Coming Home: For Returning Soldiers, the Next Battle is on the Homefront 

Agencies struggle to help returning soldiers

The scene will play out many times across Idaho throughout September: cheers, well-wishes and tears of joy as more than 1,500 members of the 116th Cavalry Brigade come home, following nearly a year in Iraq. But long after the sheet cakes, yellow ribbons and balloons have disappeared, the memories of 10 intense months in a combat zone will remain.

"A returning soldier will get three different questions from three different people: a friend, a family member and himself," said Col. David Sutherland. "When you return, a friend will ask you, 'What did you do in the war?' Your family will ask you, 'How do you feel about what you did in the war?' And we ask ourselves, 'What did I accomplish in this war?'"

Sutherland, a veteran of both Iraq wars, has been shot at and bombed. He also witnessed a suicide bomber kill 20 people less than 10 feet away. Eight days after returning from one of his numerous deployments to an Iraq combat zone, Sutherland was driving his family car along a remote highway in Killeen, Texas. His wife Bonnie sat next to him, their two sons in the backseat.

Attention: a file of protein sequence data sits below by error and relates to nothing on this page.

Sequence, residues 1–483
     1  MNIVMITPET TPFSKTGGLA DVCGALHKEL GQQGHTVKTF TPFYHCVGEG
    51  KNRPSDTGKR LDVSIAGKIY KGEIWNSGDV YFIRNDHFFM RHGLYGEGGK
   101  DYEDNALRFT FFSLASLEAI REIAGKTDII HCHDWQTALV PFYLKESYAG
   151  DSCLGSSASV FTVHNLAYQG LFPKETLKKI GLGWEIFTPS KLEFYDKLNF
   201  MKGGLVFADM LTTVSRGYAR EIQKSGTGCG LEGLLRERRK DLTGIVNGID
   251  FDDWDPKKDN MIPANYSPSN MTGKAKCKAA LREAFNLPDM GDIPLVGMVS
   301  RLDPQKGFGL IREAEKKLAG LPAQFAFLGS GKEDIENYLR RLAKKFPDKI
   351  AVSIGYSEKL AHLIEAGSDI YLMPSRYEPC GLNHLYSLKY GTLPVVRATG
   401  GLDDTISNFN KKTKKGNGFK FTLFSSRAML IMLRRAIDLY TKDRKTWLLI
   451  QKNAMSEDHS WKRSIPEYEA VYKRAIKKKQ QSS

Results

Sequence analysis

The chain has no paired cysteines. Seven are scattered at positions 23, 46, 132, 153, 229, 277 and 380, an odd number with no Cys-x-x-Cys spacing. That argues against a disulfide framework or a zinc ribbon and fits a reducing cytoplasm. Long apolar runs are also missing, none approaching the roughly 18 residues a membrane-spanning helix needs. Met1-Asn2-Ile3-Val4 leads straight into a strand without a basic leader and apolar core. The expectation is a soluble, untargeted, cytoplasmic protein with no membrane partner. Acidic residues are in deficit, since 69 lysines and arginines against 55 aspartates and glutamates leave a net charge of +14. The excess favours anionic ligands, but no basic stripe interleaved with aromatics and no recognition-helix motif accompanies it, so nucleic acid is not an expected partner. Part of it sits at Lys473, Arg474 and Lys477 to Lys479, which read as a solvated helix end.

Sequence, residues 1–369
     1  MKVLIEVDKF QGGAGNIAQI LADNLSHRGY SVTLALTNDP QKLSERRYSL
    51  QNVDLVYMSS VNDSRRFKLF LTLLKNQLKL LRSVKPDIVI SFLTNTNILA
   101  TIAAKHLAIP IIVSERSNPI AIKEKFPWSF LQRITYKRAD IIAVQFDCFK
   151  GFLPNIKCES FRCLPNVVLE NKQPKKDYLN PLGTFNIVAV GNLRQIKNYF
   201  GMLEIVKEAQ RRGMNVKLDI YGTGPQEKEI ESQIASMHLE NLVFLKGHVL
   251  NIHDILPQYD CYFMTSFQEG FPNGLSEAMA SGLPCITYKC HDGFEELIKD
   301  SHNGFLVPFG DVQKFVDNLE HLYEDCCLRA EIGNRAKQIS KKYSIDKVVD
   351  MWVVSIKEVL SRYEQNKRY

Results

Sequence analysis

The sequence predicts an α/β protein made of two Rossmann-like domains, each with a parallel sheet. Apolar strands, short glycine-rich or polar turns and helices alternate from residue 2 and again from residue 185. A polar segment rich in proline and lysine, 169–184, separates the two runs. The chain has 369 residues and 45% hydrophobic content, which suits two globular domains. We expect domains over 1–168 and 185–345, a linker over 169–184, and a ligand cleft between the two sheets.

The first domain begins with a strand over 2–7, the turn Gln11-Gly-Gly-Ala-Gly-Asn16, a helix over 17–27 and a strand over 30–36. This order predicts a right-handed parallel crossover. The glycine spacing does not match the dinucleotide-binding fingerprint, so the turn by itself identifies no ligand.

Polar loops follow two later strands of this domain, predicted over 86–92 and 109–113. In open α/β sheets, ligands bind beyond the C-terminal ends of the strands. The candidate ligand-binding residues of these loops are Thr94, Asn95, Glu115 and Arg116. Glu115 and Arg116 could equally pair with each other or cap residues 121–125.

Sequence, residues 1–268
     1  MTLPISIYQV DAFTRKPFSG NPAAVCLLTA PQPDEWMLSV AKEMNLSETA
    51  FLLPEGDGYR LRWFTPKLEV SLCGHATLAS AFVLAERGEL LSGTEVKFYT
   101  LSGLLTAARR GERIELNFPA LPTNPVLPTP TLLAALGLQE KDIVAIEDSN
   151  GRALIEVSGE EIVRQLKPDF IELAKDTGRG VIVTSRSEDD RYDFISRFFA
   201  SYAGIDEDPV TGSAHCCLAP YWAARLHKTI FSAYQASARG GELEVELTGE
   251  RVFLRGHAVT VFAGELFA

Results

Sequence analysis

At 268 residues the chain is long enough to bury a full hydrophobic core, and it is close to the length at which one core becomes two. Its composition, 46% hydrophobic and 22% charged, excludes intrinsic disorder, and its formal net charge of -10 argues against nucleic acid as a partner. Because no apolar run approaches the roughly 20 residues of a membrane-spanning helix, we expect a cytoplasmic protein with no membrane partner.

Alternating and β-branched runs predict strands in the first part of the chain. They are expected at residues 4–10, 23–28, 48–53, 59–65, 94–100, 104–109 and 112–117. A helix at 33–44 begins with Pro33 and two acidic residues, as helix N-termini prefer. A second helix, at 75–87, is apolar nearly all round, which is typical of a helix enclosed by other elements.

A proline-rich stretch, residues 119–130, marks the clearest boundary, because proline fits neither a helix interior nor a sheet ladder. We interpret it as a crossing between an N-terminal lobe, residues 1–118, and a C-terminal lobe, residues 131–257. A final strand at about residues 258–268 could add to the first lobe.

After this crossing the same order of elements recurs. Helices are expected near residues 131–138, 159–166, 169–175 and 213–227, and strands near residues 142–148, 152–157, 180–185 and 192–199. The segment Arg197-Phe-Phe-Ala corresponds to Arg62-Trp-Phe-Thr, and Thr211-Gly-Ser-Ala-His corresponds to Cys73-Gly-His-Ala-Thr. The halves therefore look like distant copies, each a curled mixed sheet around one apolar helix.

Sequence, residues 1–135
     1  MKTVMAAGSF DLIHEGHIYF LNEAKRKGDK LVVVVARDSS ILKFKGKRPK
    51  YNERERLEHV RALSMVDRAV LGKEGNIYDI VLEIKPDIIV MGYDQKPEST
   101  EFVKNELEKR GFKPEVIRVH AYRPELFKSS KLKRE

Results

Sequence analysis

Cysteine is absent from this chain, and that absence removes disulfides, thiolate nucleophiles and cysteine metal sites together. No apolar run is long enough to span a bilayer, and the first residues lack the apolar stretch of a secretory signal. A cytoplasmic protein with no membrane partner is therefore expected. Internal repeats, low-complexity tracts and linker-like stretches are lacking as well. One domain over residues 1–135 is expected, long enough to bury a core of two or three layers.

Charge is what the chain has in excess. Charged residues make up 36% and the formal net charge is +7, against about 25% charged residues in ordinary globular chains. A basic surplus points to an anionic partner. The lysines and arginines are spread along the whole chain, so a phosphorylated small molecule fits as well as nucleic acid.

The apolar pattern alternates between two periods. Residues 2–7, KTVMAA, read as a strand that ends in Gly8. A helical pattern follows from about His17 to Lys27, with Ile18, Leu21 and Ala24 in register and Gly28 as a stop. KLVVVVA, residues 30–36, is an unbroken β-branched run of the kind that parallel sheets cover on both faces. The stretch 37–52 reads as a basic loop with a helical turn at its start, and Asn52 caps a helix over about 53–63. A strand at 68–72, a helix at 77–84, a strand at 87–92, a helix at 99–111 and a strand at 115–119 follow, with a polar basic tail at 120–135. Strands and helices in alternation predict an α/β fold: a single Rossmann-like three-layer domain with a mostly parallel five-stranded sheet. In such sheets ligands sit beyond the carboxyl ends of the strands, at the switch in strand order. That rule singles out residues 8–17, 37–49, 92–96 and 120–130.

"I stared out on the highway and said, 'Look. All of the telephone polls are standing.'"

After an uncomfortably long pause, Bonnie Sutherland gently put her hand in her husband's palm and looked into his eyes.

"Honey," she said. "You're nuts. What you're saying doesn't make any sense."

Sutherland remembers the conversation as if it were yesterday.

"If I had made the same statement to my fellow soldiers in Iraq, they would have said, 'Yes sir. The telephone polls are indeed standing and the street lights are working, too.'"

Sutherland readily admits to having post-traumatic stress and mild traumatic brain injury.

"But I'm not worried about my career or what people may think," he said.

In fact, Sutherland, one of the most decorated American soldiers of the last 20 years, whose honors include the Legion of Merit, Bronze Star and Purple Heart, reports directly to the chairman of the Joint Chiefs of Staff, serving as a special assistant with principle focus on Warrior and Family Support.

"I'm an advocate and mentor of more than 2.2 million men and women who serve our nation today," Sutherland said on Aug. 9, addressing an invitation-only meeting of Idaho law enforcement, elected officials and representatives from Veterans Affairs and Idaho's Department of Health and Welfare. A select handful of veterans were also at the gathering, held at the offices of the Idaho National Guard at Boise's Gowen Field.